Child labour a practice that has been devouring the childhood from children from many generations. Children are forced to work or work willingly to overcome the woe of poverty. In kashmir mostly children work because of poverty. They belong to poor families who are themselves helpless in bringing up their children in a way they deserve. So they lend a hand to their families in earning the bread and butter.
Numerous debates are being held across the globe on permissibility of level and type of work which children should be allowed to toil; even the constitution is crammed with some laws which govern the regulations of child labour, but in a pragmatic world there seems to be no implementation of these laws which could provide reprieve to those tender hands who work tirelessly to make ends meet. In a society like ours which pays no credence to the menace of child-labour, scores of juveniles have fallen prey to drug addiction and this trend is on rising vertex in many countries.
“…..and they say the best way to stop child labour is to show it.”
Junaid Buhroo, an adolescent who works as a salesman at a readymade cloth shop. He is an orphan with a small family to feed and support and can’t find anything better to do than to work tirelessly leaving aside the childhood frolic and amusement. His father died when he was studying in 7th class and then with the support of his uncle he managed to continue his studies till 10th but couldn’t continue further. He works for Rs. 3,000 a month and feels burdened with the responsibilities in such a tender age. He loves to play cricket but now he has no time to play.
Ishfaq Gojri sprinkles water on cucumbers while calling the customers to buy them. He earns nearly Rs 5,000 a month. He quit his studies after 5th class to provide sustenance to his family. His brother Danish Gojri, who became the victim of the ever prevailing conflict in kashmir when his father was hit in the head by shrapnel in a bomb blast. He sells hosiery items and earns around Rs. 7,000 a month. Danish is a very hard working boy. He works tirelessly round the year. Winters bring with it a hike in sale and difficulties too, as the rain, snow and cold make it harder for them to move around to sell goods. At times he goes to Jodhpur in Rajasthan, to do some catering job at a hotel where he earns more.
Aijaz khan, hailing from Noushara is a salesman at a mobile phone shop and sells cds dvds and various other accessories. Due to some reasons he lost interest in studies and quit his studies after 8th standard and is now supplementing the income of his family. He has five sisters one among them has been married. His mother is a housewife and father is a labourer who works very hard to earn a living. He earns Rs 3,000 a month and is being paid separately for the daily fare. He likes to play cricket but, nowadays he is not able to play with his friends because he has to cover a distance of around 30 km every day to work which makes it a busy day for him.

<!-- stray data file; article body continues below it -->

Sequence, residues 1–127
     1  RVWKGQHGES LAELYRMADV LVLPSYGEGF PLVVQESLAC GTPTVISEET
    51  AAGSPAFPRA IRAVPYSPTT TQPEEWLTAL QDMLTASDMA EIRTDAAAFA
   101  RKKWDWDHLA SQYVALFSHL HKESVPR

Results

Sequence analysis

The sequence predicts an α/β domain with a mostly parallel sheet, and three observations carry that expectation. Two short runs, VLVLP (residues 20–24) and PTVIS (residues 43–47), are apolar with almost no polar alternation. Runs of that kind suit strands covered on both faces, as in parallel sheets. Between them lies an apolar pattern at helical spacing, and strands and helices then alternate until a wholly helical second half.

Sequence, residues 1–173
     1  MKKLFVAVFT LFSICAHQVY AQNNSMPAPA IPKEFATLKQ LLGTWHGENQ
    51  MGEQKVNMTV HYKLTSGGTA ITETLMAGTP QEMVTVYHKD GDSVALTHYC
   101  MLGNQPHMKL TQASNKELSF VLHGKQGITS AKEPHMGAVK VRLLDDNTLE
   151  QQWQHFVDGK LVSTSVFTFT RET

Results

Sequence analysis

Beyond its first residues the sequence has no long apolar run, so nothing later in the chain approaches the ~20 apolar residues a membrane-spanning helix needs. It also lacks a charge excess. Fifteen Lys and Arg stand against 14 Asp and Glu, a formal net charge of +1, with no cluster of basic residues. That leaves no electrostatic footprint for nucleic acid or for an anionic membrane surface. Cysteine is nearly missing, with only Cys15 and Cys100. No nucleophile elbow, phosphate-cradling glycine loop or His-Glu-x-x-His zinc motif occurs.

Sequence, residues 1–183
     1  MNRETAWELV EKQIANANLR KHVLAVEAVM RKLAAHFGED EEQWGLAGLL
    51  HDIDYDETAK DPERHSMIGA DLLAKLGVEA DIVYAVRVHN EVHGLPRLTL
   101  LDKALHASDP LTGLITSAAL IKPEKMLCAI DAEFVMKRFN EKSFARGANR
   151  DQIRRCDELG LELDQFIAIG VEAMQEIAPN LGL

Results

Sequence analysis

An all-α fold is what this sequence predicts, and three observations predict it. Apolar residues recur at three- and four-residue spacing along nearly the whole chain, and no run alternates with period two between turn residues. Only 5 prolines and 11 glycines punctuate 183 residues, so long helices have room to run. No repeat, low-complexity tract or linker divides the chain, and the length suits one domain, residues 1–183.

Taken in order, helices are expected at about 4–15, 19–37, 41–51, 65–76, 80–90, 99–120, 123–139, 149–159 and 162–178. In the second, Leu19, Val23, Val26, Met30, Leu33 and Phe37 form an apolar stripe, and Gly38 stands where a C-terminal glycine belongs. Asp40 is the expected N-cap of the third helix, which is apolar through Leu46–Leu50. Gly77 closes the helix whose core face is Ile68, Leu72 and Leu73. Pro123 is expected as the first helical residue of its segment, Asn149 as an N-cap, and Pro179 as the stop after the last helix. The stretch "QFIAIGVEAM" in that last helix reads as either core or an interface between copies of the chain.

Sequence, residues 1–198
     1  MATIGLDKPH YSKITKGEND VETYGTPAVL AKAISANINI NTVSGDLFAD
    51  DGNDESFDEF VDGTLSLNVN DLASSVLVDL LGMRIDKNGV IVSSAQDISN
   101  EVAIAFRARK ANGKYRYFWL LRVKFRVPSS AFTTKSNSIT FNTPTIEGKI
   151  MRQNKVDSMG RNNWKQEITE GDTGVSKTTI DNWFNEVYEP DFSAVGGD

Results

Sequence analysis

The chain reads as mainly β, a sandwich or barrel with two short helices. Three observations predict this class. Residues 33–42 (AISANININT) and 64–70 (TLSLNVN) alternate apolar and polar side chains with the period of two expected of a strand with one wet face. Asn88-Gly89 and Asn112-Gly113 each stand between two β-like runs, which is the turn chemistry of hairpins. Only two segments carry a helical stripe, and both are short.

Muzamil Naik from Uri is very much loved by the customers because of his innocence who often give him some extra money as tip. Like his brother, Moomin Naik, he also carries tea and snacks to many shopkeepers in the market. Working in market at such a delicate age has exposed them to a very dangerous environment, which is shaping their thinking and personality in an unsound manner.
Rameez Daga, a young teenage boy from Kralteng Sopore has chosen to be a bus conductor at this tender age. His father is a fruit-seller. Awry educational setup has been one of the biggest reasons many young lives have gone astray. Rameez studied till 8th class in a government school in Sopore. But due to baleful environment at school his mind got distracted and couldn’t continue his studies. He earns Rs. 1,500 a month for his job. Job of a conductor is not an easy one. These young boys are seen hanging on bus doors calling passengers and most of the time they are scolded at by uncouth passengers.
Faisal manzoor, an adolescent vegetable seller, who on account of certain reasons couldn’t continue his studies belongs to a poor family. His father does a job of watch repairing in Uri and earns very less. Faisal sells vegetables in a market in Baramulla with his neighbour, an old man, who teaches him the tactics of the business.
Child labour has been affecting the psychology and personality of these children pathetically. The desires and thinking of these children have become limited to useless goals. It is high time to realise and understand whose responsibility is to help and uplift these children. Is it the government and the constitution, the parents of these children, the employers or all of us together as a society?